As it's a bounding volume, it may naturally be slightly too large (although, for the same of various optimizations, you should try to make it as tight as reasonably possible.) For now, it's also OK to make it a little too small (nothing bad will happen). Although all currently implemented descendants (TCastleSceneCore, TCastlePrecalculatedAnimationCore, more) guarantee it's never too small.

Public procedure Render(const Frustum: TFrustum; const Params: TRenderParams); virtual;

Render given object. Should check and immediately exit when Exists is False. Should render only parts with matching Params.Transparency and Params.ShadowVolumesReceivers values (it may be called more than once to render frame).

Parameters
Frustum
May be used to optimize rendering, to not render the parts outside the Frustum.
Params
Other parameters helpful for rendering.
Public procedure RenderShadowVolume( ShadowVolumeRenderer: TBaseShadowVolumeRenderer; const ParentTransformIsIdentity: boolean; const ParentTransform: TMatrix4Single); virtual;

Render shadow quads for all the things rendered by Render. This is done only if Exists and CastShadowVolumes.

It does shadow volumes culling inside (so ShadowVolumeRenderer should have FrustumCullingInit already initialized).

ParentTransform and ParentTransformIsIdentity describe the transformation of this object in the 3D world. T3D objects may be organized in a hierarchy when parent transforms it's children. When ParentTransformIsIdentity, ParentTransform must be IdentityMatrix4Single (it's not guaranteed that when ParentTransformIsIdentity = True, Transform value will be ignored !).

Implementation note: In Render, it is usually possible to implement ParentTransform* by glPush/PopMatrix and Frustum.Move tricks. But RenderShadowVolume needs actual transformation explicitly: ShadowMaybeVisible needs actual box position in world coordinates, so bounding box has to be transformed by ParentTransform. And TCastleScene.RenderShadowVolumeCore needs explicit ParentTransform to correctly detect front/back sides (for silhouette edges and volume capping).

Public procedure PrepareResources( Options: TPrepareResourcesOptions; ProgressStep: boolean; BaseLights: TAbstractLightInstancesList); virtual;

Prepare resources, making various methods (like rendering and such) to execute fast.

This requires OpenGL to be initailized for most 3D objects. If not, some parts of preparations will be aborted.

This makes sure that appropriate methods execute as fast as possible. It's never required to call this method — everything will be prepared "as needed" anyway. But if you allow everything to be prepared "as needed", then e.g. the first Render call may take a long time because it may have to prepare resources that will be reused in next Render calls. This is bad, as your program will seem very slow at the beginning (when rendering resources are prepared, so a first frame, or a couple of first frames, if it's something like a precalculated animation). To avoid this, call this method, showing the user something like "now we're preparing the resources — please wait".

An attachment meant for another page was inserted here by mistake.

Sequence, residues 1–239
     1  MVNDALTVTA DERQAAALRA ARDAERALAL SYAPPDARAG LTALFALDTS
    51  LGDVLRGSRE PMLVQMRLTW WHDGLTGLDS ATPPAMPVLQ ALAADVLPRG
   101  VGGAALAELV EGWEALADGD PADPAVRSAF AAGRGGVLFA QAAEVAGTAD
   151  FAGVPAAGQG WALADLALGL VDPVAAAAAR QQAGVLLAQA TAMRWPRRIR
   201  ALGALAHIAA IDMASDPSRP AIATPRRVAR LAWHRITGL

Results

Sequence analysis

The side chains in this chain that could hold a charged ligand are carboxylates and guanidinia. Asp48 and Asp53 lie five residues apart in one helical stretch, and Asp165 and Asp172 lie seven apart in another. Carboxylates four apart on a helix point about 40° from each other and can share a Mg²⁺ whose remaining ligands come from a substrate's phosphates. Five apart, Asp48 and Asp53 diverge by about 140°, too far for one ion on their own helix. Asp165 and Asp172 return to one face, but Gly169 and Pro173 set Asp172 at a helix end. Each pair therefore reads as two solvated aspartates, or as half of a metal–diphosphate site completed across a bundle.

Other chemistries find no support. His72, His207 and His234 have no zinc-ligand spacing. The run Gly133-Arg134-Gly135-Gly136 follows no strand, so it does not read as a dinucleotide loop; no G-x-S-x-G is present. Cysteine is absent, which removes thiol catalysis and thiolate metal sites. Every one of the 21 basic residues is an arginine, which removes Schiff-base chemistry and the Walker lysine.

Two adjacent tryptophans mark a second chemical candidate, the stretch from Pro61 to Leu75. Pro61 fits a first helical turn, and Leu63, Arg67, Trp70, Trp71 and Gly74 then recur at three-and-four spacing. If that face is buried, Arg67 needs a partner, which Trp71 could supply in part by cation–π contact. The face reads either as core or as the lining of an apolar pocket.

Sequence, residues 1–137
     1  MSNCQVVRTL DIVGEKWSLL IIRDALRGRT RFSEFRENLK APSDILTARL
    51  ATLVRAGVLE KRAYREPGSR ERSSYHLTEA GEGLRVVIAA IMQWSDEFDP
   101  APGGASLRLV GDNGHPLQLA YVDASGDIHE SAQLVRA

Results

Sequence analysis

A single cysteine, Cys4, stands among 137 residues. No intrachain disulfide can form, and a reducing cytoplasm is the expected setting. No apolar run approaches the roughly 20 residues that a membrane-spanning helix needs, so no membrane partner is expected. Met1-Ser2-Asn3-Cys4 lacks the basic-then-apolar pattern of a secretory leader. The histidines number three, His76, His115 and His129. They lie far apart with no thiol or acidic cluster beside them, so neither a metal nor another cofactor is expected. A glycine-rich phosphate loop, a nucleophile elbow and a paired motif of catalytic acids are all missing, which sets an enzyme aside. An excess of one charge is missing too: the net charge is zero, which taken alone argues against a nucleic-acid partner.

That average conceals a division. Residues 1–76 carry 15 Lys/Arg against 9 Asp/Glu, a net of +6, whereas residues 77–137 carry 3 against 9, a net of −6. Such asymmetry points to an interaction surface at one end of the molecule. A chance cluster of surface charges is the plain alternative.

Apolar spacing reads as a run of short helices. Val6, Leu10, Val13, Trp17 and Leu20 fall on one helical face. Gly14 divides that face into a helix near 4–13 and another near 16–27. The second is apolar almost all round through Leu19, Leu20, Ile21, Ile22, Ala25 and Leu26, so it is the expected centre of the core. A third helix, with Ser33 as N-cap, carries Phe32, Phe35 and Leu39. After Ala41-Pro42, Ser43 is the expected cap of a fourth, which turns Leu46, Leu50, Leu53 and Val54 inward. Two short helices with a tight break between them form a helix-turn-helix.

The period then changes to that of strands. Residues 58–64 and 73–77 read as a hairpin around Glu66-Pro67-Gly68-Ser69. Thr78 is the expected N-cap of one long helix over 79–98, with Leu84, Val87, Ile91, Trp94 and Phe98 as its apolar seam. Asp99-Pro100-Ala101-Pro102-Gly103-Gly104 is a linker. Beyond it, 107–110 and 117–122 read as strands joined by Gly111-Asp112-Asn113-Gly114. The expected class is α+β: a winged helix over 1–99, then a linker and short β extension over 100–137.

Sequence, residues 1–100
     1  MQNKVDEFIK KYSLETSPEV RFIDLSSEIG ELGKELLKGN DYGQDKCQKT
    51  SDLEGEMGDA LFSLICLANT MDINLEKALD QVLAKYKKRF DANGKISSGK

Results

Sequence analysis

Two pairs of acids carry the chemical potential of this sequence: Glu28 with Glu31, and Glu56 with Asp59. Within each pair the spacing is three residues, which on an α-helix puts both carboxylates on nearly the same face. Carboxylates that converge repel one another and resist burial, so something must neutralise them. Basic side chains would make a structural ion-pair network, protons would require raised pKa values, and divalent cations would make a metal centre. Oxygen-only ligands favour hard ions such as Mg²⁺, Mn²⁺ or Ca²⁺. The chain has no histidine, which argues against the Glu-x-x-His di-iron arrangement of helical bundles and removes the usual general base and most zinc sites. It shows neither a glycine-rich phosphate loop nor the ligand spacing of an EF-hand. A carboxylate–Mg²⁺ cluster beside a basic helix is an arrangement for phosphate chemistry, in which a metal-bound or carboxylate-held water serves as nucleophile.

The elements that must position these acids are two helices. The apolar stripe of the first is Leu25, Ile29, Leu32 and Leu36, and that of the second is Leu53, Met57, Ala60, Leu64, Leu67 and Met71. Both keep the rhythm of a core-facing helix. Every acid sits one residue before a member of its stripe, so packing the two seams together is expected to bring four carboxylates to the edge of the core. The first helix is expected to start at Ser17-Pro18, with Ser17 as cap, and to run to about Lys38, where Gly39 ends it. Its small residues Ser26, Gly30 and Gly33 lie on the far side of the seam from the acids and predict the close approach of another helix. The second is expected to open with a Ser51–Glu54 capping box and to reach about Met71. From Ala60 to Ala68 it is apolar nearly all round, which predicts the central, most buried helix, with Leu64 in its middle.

For OpenGL rendered objects, this method ties this object to the current OpenGL context. But it doesn't change any OpenGL state or buffers contents (at most, it allocates some texture and display list names).

Parameters
Options
What features should be prepared to execute fast. See TPrepareResourcesOption, the names should be self-explanatory (they refer to appropriate methods of T3D, TCastleSceneCore or TCastleScene).
ProgressStep
Says that we should make this many Progress.Step calls during preparation. Useful to show progress bar to the user during long preparation.

TODO: for now, do not include prSpatial if you use ProgressStep. Reason: octree preparations have a separate mechanism that may want to show progress.

BaseLights
Used if Options contains prRender. A list of base lights (always TLightInstancesList, although cannot be declated as such) used for rendering. May be Nil (equivalent to empty).
Public function PrepareResourcesSteps: Cardinal; virtual;

How many times PrepareResources will call Progress.Step. Useful only if you want to pass ProgressStep = True to PrepareResources. In the base class T3D this just returns 0.

Public function Press(const Event: TInputPressRelease): boolean; virtual;

Press and release events of key and mouse. Return True if you handled them. See also TUIControl analogous events.

Public function Release(const Event: TInputPressRelease): boolean; virtual;
 
Public function PointingDeviceActivate(const Active: boolean; const Distance: Single): boolean; virtual;

Pointing device (usually mouse) events. Return True if you handled the event.

  • PointingDeviceActivate signals that the picking button (usually, left mouse button) is pressed or released (depending on Active parameter).

    Note that the exact key or mouse responsible for this is configurable in our engine by Input_Interact. By default it's the left mouse button, as is usual for VRML/X3D browsers. But it can be configured to be other mouse button or a key, for example most 3D games use "e" key to interact.

  • PointingDeviceMove signals that pointer moves over this 3D object.

PointingDeviceMove receives Pick information about what exactly is hit by the 3D ray corresponding to the current mouse position. It contains the detailed information about 3D point, triangle and ray (all in local coordinate system) that are indicated by the mouse. PointingDeviceActivate does not receive this information now (because it may happen in obscure situations when ray direction is not known; this is all related to our "fallback to MainScene" mechanism).